The world is full of terrible things that are disturbing and unsettling. If you are involved in politics, then more than a few things probably come to mind. Here are ten things that you might not know that can absolutely ruin your online campaign.
Your digital past can come back to haunt you
If you’ve ever had embarrassing photos, tweets, posts and other online information put online, there’s a good chance that it still exists in the digital realm. Even if you try to do an online cleanup, it’s hard to fully eliminate everything out there. Saved screen shots, old photos on a hard drive somewhere and even archived web pages can come back to get you!
Even if you are not online, others will talk about you
Just because you’ve sworn off online campaigning doesn’t mean that newspaper articles and other material does not exist about your online. When you become a political candidate, you become a public figure. If you are not putting information about yourself online, then someone else will.
Your domain name can be high-jacked pretty easily
Even if you are in the planning stages of running for office, you should reserve your domain name. If someone else registers the domain name, you may have a tough time getting it back. Often nothing is done with a high-jacked name, but making an announcement for a campaign website before you have registered the domain (or actually created the website) is just asking for trouble.If you are in the planning stages of #runningforoffice, reserve your domain name. http://ow.ly/AAnu30gBkqm Click To Tweet
Your campaign branding can be high jacked, too
Political websites clearly designed to trick visitors into thinking they’re on a legitimate campaign website has been on the rise in the US. These spoof sites suggest the look and feel of legitimate sites. At first glance appear to be supporting the candidate, but in reality they are raising funds for the opposition. Donors beware!
The web exists as a conduit to fundraise. Just because you slapped a donation button on your website and your social media profiles are all about the money does not guarantee that your campaign will raise a dime online. You need the right tools, messaging and real support to raise funds. Done properly, the effort put into online fundraising can pay off handsomely. If you do it poorly, well…The web exists as a conduit to #fundraise, not a means unto itself. http://ow.ly/AAnu30gBkqm Click To Tweet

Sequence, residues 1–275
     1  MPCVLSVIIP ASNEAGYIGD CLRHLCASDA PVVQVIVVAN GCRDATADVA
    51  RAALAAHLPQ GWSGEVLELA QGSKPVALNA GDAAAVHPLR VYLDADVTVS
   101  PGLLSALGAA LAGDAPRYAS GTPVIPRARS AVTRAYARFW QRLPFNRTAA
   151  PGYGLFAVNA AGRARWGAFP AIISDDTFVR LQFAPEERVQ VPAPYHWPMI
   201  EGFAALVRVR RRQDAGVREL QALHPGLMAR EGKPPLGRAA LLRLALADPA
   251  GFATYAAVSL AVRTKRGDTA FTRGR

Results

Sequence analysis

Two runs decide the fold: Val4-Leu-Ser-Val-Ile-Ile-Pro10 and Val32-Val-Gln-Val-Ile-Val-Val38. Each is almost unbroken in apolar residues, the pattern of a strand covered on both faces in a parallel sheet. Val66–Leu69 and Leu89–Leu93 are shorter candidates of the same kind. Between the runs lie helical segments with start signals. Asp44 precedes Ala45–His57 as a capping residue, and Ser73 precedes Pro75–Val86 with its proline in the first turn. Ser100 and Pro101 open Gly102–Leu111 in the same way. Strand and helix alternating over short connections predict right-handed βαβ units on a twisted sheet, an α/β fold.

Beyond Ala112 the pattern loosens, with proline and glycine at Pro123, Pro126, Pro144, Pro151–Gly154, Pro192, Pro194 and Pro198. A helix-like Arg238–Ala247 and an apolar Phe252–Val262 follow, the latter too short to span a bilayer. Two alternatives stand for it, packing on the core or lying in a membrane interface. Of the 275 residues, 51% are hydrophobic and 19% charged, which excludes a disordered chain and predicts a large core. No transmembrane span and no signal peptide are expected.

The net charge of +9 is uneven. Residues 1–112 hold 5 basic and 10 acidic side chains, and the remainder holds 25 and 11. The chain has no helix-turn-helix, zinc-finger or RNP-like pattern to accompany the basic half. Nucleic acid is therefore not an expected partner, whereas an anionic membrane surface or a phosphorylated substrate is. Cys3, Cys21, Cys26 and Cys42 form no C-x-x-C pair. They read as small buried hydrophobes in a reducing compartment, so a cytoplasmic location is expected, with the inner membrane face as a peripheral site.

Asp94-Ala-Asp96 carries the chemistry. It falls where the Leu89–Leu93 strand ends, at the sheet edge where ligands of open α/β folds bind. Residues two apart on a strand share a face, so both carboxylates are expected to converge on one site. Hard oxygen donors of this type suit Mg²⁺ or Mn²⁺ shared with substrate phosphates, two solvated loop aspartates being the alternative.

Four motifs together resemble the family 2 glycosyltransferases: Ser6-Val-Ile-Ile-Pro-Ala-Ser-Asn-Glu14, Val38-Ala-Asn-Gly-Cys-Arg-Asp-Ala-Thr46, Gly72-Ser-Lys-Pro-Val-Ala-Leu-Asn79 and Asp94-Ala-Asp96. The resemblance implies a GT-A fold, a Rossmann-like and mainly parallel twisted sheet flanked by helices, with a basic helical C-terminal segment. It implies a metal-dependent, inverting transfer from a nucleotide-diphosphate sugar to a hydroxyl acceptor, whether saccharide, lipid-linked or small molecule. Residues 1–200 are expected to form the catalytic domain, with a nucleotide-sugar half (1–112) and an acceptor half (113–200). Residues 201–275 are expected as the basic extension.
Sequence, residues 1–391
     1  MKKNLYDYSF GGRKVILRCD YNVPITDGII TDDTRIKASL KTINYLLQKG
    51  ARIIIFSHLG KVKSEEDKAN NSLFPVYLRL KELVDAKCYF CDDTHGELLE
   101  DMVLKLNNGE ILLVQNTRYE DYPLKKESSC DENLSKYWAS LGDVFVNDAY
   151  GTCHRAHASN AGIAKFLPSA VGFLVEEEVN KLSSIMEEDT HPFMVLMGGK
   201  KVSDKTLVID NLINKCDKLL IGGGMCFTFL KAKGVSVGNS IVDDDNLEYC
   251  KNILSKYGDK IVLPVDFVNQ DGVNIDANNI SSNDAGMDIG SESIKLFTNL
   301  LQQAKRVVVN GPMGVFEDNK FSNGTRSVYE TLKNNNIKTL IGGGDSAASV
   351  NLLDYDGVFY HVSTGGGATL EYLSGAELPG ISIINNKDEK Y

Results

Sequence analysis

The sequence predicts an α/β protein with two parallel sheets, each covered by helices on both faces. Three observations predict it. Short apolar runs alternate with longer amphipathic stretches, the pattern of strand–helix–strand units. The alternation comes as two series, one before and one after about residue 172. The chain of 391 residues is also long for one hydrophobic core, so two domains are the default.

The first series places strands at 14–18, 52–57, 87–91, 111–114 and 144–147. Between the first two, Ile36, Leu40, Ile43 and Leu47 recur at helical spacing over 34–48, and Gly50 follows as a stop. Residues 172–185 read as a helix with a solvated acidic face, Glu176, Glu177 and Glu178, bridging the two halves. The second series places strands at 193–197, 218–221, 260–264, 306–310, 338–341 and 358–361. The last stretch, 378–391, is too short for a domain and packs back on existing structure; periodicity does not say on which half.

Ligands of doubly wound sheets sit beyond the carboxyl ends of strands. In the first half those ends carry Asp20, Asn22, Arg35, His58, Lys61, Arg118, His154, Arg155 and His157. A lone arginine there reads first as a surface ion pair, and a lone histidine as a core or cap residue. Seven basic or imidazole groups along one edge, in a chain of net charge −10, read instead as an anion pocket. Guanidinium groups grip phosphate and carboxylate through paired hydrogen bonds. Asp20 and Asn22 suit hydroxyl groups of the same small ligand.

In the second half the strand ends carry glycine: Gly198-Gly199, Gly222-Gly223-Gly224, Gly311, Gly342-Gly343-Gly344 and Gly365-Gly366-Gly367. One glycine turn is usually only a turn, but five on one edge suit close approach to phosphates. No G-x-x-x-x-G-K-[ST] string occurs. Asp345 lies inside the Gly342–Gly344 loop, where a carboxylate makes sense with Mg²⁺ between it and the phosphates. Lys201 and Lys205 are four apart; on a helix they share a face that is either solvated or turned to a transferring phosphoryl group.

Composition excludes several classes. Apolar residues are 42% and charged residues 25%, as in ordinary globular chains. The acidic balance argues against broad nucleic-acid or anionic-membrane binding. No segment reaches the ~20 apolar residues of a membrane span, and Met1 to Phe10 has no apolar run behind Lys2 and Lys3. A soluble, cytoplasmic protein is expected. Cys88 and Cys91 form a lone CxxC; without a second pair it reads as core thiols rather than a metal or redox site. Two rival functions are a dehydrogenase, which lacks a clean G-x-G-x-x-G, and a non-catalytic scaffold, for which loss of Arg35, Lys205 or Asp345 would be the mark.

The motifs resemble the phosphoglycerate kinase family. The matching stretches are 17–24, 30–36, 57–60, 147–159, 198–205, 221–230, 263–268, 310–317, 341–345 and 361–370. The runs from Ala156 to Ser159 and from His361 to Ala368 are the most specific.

Social media accounts get hacked … regularly
Nearly three in 10 U.S. adults say one of their social-media accounts has been hacked, according to a 2013 survey. With those kinds of numbers, you’ll want to keep an eye on your campaign’s social media profiles. If multiple people have access to your campaign accounts, the risk for unauthorized access is increased. Best practices include limiting the number of people with social media account access and to change account passwords frequently.
Social media accounts get mixed up … regularly
How many times have we heard about a politicians posting inappropriate material to their social media accounts? You may wonder why this happens so often. The reason is simple. In most cases, someone posted publicly what was to be a private message sent to an individual. In other cases, someone (usually a staffer) was logged into the campaign’s social media account instead of their own. Either way, this can lead to an embarrassing situation requiring deletions, apologies and negative media coverage.Don't mix your political campaign and personal social media logins. Use different browsers for each. Click To Tweet
What you post is yours … until it isn’t
Your Facebook page and Twitter account is subject to the generosity of those services. Follow the rules of posting. Remember that these services can pretty much remove anything they want, at any time. If someone claims you are violating their Terms of Service, you could be in trouble. Losing a social media account late in the election cycle can be disastrous!
Just a few bad emails can cripple your email system
If a few people on your campaign email list don’t like your messages and report you as a spammer, it could ruin your chances for future messages to get through to anyone. Email service providers are quick to suspend accounts that are suspected of spamming. Best practices for email include using double-opt in for your email lists, watching your subject lines, removing dead addresses and limiting the number of links in your messages.If recipients on your campaign email list report you as a spammer, it could ruin your future chances to reach anyone. Click To Tweet
Even when it’s over, it’s not over
If your campaign is over, consider hanging on to your website. If you let your domain name lapse, someone else can pick it up and you’ll probably have a tough time getting it back. You’ll also have no control over a new website that someone creates with your lapsed domain name.
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